In its conclusion, the report suggests some now-familiar recommendations to restore snitch recruitment. It states: “[the] success of a police department’s […] program will be based […] on its fundamental efforts to build trust in the neighborhoods, create partnerships with other criminal justice and social service agencies, and establish strong relationships with community groups and leaders.” This is exactly what the community oriented police house grant seeks to do. It is a countermeasure to community self-defense through anti-snitching culture. That’s why we call them snitch houses, and why they must be opposed.
The violence of snitch culture
Another thing we can know about policing is how badly it harms people caught in the web of false or mistaken testimony. The Innocence Project, ProPublica, the Appeal, Prison Legal News, and others have compiled reports with countless heart-rending stories of people across amerika going to prison because prosecutors and police used lying snitches to convict them.
The practice is particularly harmful in Wisconsin, where legal protections are weak and jail or prison conditions are atrocious. Until recently, Wisconsin public defenders were among the most underpaid and overworked in the country, making it easier for prosecutors to force people into bad deals with false evidence. There is very little support after conviction for indigent people working on their appeals in Wisconsin, and this state ranks last in the region for civil legal aid, making it harder for convicted people to sue over wrongful convictions and horrible conditions in prisons. For those who do manage to exonerate themselves, Wisconsin ranks dead last nationally in compensation for wrongful conviction.
Of course, district attorney John Chisholm isn’t going to share how heavily he relies on overcharging and snitch testimony, but anyone from Milwaukee in regular contact with many incarcerated people or people on probation and parole knows anecdotal examples of unreliable informant testimony putting people away. The CLOSEmsdf campaign revealed stories of people held on informant testimony and enduring harsh conditions to force cooperation.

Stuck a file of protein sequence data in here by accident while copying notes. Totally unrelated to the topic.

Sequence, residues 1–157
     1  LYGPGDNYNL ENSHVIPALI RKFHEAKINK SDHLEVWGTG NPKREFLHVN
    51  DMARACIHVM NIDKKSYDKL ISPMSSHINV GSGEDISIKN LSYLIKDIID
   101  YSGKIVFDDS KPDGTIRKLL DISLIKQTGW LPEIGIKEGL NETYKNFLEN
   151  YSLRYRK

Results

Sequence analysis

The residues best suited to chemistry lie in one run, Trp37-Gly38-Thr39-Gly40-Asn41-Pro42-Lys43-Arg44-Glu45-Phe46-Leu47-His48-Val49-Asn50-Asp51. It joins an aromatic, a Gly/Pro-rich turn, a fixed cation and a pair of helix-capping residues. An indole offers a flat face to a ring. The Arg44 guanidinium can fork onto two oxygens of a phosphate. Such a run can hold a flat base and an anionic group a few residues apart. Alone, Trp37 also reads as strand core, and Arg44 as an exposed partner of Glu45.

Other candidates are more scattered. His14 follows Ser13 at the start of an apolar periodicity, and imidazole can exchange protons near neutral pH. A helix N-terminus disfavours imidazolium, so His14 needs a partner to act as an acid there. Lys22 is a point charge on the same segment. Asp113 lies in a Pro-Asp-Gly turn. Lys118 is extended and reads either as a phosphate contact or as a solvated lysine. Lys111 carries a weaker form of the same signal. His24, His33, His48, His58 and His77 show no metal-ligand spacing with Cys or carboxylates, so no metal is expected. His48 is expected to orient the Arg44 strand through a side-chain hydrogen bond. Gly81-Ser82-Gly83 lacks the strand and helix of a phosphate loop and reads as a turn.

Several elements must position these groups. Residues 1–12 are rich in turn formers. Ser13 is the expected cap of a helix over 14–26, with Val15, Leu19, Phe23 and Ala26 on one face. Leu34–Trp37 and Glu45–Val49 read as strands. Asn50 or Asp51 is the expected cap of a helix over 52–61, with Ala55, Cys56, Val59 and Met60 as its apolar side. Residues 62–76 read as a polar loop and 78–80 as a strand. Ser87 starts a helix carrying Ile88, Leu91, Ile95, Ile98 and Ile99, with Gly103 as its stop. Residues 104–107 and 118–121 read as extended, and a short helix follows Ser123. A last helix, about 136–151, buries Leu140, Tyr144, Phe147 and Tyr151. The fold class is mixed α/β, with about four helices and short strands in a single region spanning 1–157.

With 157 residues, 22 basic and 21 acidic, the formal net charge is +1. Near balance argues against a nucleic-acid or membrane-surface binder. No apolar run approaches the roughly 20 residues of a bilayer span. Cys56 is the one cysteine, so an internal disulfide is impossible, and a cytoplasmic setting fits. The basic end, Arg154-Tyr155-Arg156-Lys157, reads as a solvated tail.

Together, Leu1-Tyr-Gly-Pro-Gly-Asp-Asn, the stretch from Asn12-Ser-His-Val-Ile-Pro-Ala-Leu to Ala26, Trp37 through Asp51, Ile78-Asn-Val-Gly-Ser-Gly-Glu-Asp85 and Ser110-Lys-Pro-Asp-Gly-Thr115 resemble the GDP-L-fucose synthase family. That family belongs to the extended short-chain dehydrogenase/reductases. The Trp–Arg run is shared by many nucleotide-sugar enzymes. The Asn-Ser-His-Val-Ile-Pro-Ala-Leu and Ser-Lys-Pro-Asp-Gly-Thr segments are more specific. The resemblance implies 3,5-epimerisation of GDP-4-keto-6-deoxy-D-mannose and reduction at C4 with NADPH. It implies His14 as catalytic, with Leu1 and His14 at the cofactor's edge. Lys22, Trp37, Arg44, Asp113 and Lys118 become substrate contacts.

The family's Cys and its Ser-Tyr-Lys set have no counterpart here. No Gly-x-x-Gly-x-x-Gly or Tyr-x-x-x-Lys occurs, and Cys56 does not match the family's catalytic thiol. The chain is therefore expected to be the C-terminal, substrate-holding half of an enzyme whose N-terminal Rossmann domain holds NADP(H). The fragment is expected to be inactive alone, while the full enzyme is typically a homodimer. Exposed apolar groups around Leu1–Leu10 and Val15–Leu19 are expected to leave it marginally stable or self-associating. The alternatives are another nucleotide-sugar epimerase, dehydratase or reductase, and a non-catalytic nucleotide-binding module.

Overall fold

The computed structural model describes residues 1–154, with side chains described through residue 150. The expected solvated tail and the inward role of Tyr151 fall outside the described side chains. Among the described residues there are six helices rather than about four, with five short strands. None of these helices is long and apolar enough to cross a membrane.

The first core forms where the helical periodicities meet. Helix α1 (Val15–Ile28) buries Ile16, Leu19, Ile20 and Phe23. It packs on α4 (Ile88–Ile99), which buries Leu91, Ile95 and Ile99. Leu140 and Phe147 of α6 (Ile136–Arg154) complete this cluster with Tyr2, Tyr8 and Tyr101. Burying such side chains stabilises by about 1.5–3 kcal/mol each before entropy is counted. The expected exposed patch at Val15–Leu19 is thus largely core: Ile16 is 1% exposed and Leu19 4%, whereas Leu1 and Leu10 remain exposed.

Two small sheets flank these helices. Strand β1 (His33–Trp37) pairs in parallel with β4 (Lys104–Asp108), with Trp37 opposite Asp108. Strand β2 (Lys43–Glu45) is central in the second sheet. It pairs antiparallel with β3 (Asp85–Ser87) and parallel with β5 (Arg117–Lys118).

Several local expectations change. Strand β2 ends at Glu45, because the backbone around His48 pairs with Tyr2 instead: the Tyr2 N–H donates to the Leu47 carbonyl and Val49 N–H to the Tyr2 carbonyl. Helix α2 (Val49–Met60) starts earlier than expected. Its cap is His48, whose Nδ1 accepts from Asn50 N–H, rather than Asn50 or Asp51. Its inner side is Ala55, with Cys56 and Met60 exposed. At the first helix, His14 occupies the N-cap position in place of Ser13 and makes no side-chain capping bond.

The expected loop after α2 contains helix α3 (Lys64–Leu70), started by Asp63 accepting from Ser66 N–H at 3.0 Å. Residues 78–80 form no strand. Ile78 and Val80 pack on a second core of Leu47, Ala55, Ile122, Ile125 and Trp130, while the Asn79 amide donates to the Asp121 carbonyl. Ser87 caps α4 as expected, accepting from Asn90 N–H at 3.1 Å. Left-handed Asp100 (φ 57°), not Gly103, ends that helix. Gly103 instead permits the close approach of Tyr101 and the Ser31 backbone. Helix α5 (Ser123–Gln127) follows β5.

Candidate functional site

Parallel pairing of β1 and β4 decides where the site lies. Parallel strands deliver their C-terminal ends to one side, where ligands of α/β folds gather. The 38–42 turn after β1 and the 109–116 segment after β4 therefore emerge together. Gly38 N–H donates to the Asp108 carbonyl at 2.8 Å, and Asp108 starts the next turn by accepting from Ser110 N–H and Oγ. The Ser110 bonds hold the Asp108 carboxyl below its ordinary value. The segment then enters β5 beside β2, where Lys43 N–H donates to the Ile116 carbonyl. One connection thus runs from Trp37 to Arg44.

The National Registry of Exonerations lists 18 cases of people falsely convicted in Wisconsin. The story of Chaunte Ott and Sammy Hadaway reveals the complex webs Milwaukee police can weave around people using snitch recruitment. In 1996, Sammy Hadaway was 20 years old and had cognitive and physical disabilities related to cerebral palsy. The police arrested him and threatened him with 80 years in prison for rape and murder, but offered him 5 years for armed robbery if he would testify against his friend Chaunte Ott for a crime he knew nothing about. During the fourth round of interrogations, after jailing and charging Hadaway, he got scared enough to tell them what they wanted to hear. By then, he had learned most of the details about the crime from the interrogators themselves, and made up the rest. Ott was convicted and sentenced to life in prison.
A third man, Richard Gwin, who is now deceased, had implicated both Hadaway and Ott after being implicated himself by a fourth man. Gwin later recanted his testimony, but Ott didn’t get relief until DNA evidence linked an unrelated fifth man to the crime in 2007. Even then, Ott’s conviction was overturned, but the DA’s office persisted in attempting to retry him until June 2009 when they finally gave up and dropped the charges. Ott received Wisconsin’s measly $25,000 compensation for losing the prime years of his life, ages 21 to 34, on a coerced lie. Then he spent six years fighting a wrongful conviction lawsuit, which he eventually won.
By the time the DNA evidence came out, Hadaway had served his armed robbery sentence, but he still had a false felony conviction on his record. He spent years fighting the courts to get his plea vacated, which didn’t happen until 2018. He has also filed a lawsuit against Milwaukee and the police who interrogated him, which is currently pending. These are just a few of the lives ruined by Milwaukee police and prosecutors. The public knows and trusts Hadaway and Ott’s stories because they were able to prove their innocence. Innocent people convicted without DNA evidence, or who are unable to get legal assistance are far less likely to recover.